This Epic Hand Drawn Anime Was Commercial to Made Popular and It Worked

Japanese Company Creates Epic, Hand-Drawn Anime Commercial to Get Popular – And It Worked

Japan Recently made an epic anime that was just supposed to get popular and finally it worked…. Yeah…A not-so well-known Japanese company recently posted an anime commercial in the hopes to attract much attention from the public.

A company based in Sanjo,Kyoei Forging Works Niigata Prefecture, Japan that makes engine parts, agricultural equipment parts, and conveyor belts, made the anime commercial post on YouTube where it shows a transforming robot – commonly referred to as a mecha – fighting off villainous ships.


Upon contact, the black and red villain ship continued to fire missiles indiscriminately towards the protagonist.

During the fight, the hero suddenly transforms the ship into a badass female robot.


The fight doesn’t end there just yet, though, as the hero now shifts its focus on the mothership of the invading villains.

The 50-second long clip ended with the giant mecha standing in front of a hangar with the whole crew cheering for victory as they tend to the robot.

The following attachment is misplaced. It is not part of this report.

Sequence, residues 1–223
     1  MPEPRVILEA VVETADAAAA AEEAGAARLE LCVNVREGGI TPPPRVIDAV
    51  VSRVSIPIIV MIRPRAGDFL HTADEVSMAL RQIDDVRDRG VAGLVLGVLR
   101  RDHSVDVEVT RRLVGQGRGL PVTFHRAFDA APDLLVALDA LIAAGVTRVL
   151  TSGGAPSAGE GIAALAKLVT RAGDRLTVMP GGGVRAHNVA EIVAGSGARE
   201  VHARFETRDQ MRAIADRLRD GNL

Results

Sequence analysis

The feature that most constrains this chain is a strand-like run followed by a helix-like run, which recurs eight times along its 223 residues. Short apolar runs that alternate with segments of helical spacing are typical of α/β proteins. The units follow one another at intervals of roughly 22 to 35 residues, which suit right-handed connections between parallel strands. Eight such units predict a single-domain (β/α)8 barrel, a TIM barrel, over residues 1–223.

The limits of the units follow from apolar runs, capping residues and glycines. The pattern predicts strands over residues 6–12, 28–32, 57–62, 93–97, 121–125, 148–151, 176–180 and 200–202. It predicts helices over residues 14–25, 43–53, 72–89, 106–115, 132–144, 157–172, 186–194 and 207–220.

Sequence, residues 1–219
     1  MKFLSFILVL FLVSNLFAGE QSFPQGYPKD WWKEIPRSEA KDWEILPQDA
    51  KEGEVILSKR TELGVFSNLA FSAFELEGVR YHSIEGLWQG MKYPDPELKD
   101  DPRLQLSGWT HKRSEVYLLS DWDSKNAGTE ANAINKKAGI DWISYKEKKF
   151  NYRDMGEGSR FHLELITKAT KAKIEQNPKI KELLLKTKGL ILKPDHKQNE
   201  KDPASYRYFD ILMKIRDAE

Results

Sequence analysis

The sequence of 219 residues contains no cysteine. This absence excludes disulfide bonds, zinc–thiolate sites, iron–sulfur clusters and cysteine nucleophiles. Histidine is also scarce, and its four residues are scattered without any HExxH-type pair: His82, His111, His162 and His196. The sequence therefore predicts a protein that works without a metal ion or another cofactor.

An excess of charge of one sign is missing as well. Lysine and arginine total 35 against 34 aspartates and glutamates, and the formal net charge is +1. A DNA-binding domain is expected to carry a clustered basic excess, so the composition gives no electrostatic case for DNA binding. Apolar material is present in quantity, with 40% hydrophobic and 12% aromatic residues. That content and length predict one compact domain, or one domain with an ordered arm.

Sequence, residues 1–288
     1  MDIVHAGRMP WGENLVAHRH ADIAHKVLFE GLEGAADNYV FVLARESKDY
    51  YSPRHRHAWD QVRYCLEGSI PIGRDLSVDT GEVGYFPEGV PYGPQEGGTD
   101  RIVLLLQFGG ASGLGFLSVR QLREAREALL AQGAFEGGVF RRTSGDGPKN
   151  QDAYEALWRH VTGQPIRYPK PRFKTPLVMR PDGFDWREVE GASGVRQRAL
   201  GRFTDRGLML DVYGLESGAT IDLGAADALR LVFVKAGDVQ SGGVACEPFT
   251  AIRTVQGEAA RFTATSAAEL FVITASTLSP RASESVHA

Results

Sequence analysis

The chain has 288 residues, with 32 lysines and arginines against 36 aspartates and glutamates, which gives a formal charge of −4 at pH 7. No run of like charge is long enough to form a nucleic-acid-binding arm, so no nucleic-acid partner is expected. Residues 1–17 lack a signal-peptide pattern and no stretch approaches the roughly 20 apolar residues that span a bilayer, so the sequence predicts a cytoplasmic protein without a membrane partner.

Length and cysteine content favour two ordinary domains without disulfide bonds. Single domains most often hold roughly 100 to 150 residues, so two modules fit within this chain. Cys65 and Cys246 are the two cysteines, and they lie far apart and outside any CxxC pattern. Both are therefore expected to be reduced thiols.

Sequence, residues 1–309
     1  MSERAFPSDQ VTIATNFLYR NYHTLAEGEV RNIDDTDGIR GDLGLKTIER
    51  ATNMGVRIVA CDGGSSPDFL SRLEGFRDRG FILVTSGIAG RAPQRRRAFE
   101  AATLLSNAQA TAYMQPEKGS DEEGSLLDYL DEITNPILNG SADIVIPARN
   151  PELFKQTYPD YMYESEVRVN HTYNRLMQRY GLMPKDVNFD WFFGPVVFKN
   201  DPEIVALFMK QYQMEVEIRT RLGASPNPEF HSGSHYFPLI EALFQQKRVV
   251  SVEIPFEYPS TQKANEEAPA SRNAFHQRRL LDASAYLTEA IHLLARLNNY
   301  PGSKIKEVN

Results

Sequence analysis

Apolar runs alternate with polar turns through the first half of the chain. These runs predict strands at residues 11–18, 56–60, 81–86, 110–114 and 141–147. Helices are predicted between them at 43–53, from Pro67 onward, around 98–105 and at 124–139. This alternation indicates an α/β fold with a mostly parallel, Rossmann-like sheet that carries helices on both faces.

Animator of  “Hunter X Hunter” and directer of “Sword Art Online Aliasing,”Animator Yoshihiro Kanno was tapped by the company to oversee all aspects of the anime including the robot design and the animation.While the fast-paced action was no doubt amazing, what made this anime commercial jaw-dropping was the fact that this could very well be the last “cel animation” for this era.

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Cel animation is a type of animation technique where everything is made using hand-drawn material.

As said in the report, the last instance that cel animation was aired on television was back in Sept. 29, 2013 for an episode of “Sazae-san,” one of Japan’s longest-running anime programs.

If no other artists or company produce another piece with cel animation, Kyoei’s commercial will certainly go down the history of anime as the last to ever showcased cel animation on television when Heisei era, which will likely end in April Next Year.

Source : NEXTSHARK
Images via YouTube / 株式会社共栄鍛工所 : Nextshark

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